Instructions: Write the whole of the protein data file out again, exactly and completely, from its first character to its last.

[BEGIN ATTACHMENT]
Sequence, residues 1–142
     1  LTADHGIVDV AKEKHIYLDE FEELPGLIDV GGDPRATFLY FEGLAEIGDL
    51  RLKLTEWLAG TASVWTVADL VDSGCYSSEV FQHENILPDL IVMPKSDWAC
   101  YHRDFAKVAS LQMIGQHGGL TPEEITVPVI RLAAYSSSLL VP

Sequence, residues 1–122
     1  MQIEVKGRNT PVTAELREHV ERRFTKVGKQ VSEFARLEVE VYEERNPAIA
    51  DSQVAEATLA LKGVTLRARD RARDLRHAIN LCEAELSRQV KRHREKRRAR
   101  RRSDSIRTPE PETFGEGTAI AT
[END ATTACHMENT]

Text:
Sequence, residues 1–142
     1  LTADHGIVDV AKEKHIYLDE FEELPGLIDV GGDPRATFLY FEGLAEIGDL
    51  RLKLTEWLAG TASVWTVADL VDSGCYSSEV FQHENILPDL IVMPKSDWAC
   101  YHRDFAKVAS LQMIGQHGGL TPEEITVPVI RLAAYSSSLL VP

Sequence, residues 1–122
     1  MQIEVKGRNT PVTAELREHV ERRFTKVGKQ VSEFARLEVE VYEERNPAIA
    51  DSQVAEATLA LKGVTLRARD RARDLRHAIN LCEAELSRQV KRHREKRRAR
   101  RRSDSIRTPE PETFGEGTAI AT